EPISCOPALIANS HOPE FOR DEEPER DIALOG
Editorial by The Rt. Rev. M. Thomas Shaw, S.S.J.E.
Bishop of the Episcopal Diocese of Massachusetts
Published in the Boston Globe on November 25, 2001
April 21, 2002
LETTERS, E-MAILS, AND TELEPHONE CALLS HAVE POURED INTO THE OFFICES OF THE EPISCOPAL DIOCESE OF MASSACHUSETTS FOLLOWING THE PEACE WITNESS I AND MY FELLOW BISHOPS MADE BEFORE THE ISRAELI CONSULATE ON OCT. 30. BOTH THE VOLUME AND THE PASSION OF THESE COMMUNICATIONS CONFIRM THAT THE ISSUE IS OF VITAL IMPORTANCE. THE MAJORITY OF THE RESPONSES FAVOR THE STANCE WE HAVE TAKEN AS BISHOPS OF A CHURCH THAT HAS ARGUED FOR BOTH THE INTEGRITY OF THE STATE OF ISRAEL AND JUSTICE FOR THE PALESTINIANS.
With us on Oct. 30 were Jews, Muslims, other Christians, and Palestinians. Our message was this: Justice for Palestinians, as well as security for Israel, is a requirement for Mideast peace. Nancy Kaufman of the Jewish Community Relations Council said she was shocked because "there has never been any discussion about these issues of concern with these leaders." As the Protestant commentator Martin Marty replied on Nov. 12 in his newsletter Sightings, "That reaction must be shocking to Christian leaders who thought they'd been bringing up these concerns, concerns shared by many Jews, all along."
And indeed, the perception that we have not spoken about Israeli violence against Palestinians or that we have not deplored terrorist acts against Jews in Israel was the reason we took our public action. We have not been heard by some of our Jewish brothers and sisters. We agree with Rabbi Michael Lerner, editor of the journal Tikkun, who has written that it is necessary to confront Israel's "immoral policies toward the Palestinians in ways that would mobilize all ethically sensitive people."
We reject the charge that raising these issues is anti-Semitic. As Lerner writes in the same editorial: "You are not automatically anti-Semitic if you fight for social justice for Palestinians."
The Episcopal Church in Massachusetts and nationally has been on record in calling for an end to violence by both Palestinians and the State of Israel. The escalation of violence in the past year is of concern to all peace-seeking people. The president of the United States has called for withdrawal of Israel from occupied territories. So do we. And so does the World Council of Churches, which has termed the occupation of Palestinian territories a clear violation of international law. A number of UN Security Council resolutions have called for Israel to withdraw to the borders of June 4, 1967. The Episcopal Church supports the implementation of those resolutions.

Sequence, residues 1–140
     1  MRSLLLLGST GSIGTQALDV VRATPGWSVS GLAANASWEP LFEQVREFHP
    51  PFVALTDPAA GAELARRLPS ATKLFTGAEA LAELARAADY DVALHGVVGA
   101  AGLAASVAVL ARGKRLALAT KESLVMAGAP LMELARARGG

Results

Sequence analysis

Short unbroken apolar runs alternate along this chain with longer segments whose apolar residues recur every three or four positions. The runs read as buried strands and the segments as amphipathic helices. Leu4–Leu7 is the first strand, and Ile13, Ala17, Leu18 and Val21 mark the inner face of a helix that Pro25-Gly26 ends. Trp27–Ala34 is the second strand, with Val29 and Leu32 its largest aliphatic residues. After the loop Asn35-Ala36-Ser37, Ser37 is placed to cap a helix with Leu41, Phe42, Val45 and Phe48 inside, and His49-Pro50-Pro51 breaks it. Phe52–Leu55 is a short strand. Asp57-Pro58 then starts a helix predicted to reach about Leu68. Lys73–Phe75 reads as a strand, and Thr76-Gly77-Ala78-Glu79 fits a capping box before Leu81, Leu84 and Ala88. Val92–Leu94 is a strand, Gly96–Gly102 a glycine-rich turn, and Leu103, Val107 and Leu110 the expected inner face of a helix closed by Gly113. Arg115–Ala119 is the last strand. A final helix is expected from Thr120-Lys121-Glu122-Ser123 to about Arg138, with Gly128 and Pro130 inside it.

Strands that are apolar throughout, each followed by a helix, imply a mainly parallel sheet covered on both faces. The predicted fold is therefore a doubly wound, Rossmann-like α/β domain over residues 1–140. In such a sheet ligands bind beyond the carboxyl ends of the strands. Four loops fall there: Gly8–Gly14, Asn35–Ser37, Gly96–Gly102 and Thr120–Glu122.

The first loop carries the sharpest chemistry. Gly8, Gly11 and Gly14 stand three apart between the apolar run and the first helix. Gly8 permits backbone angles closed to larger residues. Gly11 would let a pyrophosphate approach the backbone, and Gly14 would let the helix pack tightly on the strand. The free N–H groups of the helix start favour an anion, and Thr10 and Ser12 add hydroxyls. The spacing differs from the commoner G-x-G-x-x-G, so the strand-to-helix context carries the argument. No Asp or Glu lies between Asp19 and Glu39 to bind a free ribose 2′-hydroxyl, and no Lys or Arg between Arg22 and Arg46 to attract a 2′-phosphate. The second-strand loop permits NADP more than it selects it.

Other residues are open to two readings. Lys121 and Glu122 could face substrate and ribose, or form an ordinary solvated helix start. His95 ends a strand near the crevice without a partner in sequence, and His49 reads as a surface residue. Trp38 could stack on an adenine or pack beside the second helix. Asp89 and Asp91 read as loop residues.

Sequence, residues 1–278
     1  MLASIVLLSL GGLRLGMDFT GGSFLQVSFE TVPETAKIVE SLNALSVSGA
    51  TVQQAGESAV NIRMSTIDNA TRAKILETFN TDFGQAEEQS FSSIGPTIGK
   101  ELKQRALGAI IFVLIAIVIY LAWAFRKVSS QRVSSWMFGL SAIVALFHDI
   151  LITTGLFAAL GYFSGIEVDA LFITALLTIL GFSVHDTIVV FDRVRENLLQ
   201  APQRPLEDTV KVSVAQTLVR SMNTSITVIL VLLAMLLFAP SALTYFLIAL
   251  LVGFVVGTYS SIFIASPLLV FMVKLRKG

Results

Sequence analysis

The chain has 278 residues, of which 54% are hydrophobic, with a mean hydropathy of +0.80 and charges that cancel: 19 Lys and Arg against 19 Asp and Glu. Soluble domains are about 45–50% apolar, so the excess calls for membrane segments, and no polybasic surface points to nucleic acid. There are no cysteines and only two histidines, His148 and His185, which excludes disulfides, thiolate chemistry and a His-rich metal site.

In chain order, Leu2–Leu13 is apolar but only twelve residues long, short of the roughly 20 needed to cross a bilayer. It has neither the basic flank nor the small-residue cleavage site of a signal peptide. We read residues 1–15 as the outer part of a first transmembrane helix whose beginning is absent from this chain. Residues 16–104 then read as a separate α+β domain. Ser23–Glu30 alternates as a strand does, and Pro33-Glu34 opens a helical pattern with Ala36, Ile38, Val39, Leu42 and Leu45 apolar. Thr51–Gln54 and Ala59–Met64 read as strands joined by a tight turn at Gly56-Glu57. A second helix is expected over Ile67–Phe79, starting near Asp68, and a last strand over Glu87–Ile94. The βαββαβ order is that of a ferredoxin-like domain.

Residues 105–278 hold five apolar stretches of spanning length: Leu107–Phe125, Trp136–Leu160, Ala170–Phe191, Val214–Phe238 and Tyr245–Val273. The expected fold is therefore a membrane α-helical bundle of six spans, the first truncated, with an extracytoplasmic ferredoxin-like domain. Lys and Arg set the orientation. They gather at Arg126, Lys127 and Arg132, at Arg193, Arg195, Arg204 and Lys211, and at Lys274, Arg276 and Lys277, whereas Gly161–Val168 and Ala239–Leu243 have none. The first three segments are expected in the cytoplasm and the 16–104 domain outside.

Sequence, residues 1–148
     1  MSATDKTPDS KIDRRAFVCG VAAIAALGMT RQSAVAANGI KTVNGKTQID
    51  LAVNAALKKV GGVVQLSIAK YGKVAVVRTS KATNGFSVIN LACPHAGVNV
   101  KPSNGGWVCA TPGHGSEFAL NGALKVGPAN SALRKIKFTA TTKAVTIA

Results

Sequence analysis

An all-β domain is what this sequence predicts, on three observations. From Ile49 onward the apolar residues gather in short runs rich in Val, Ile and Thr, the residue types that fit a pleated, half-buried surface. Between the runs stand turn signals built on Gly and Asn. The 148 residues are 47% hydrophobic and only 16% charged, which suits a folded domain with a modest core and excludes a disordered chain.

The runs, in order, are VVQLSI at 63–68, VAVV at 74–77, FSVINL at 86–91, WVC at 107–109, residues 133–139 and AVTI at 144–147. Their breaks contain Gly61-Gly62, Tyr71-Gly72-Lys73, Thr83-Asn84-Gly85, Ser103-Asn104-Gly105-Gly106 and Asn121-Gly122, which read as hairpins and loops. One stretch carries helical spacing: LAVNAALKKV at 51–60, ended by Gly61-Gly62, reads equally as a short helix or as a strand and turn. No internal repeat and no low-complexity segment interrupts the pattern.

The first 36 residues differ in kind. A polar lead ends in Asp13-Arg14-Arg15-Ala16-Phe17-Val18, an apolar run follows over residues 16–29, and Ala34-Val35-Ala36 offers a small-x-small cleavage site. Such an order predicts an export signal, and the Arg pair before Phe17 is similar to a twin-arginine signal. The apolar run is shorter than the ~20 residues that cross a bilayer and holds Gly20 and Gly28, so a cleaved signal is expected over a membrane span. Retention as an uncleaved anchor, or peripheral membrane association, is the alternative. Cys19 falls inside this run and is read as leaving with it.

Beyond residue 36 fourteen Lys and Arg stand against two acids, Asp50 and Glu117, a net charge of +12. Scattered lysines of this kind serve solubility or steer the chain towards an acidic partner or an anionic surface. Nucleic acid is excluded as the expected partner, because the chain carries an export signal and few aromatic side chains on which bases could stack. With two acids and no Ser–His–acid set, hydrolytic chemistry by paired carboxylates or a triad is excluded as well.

In response, some have argued that the territories are not "occupied." An editorial in Boston's Jewish Advocate declares that "people who are simply Arabs living in this territory have developed an official-sounding attachment to land over which they never enjoyed sovereignty." Israel's presence in these territories is deemed a "reconquest of its hereditary lands." According to this editorial, Palestinians have a right to statehood only as "granted by Israel."
Such a stance offers no room for negotiation. The ongoing dispute over "facts on the ground" is not our primary concern, however. In the Abrahamic tradition, we are called to be advocates for those who are oppressed, whoever they are and wherever they are. It is unjust to treat all of those living in Palestine as potential assassins. It is unjust to deprive Palestinians of homes and jobs and security for their families. It is unjust to deprive them of basic human needs. It is unjust to destroy thousands of olive and fruit trees and other cropland on which Palestinians depend.
Our witness is the beginning of a deeper dialog with our Jewish partners in faith. That is our goal. We will be meeting with other Protestant and Jewish leaders in the near future to begin to talk about what has been a forbidden subject. But we also want to bring into this conversation our Muslim brothers and sisters who have only been the subject of our dialog. They must become part of it.
As the prophets of Israel knew, justice is not only talk. It is what we do. Isaiah writes in Chapter 58: "This is the fast that I desire: To let the oppressed go free, to break off every yoke. It is to share your bread with the hungry, and to take the wretched poor into your home; when you see the naked, to clothe them, and not to ignore the needs of your fellow human being."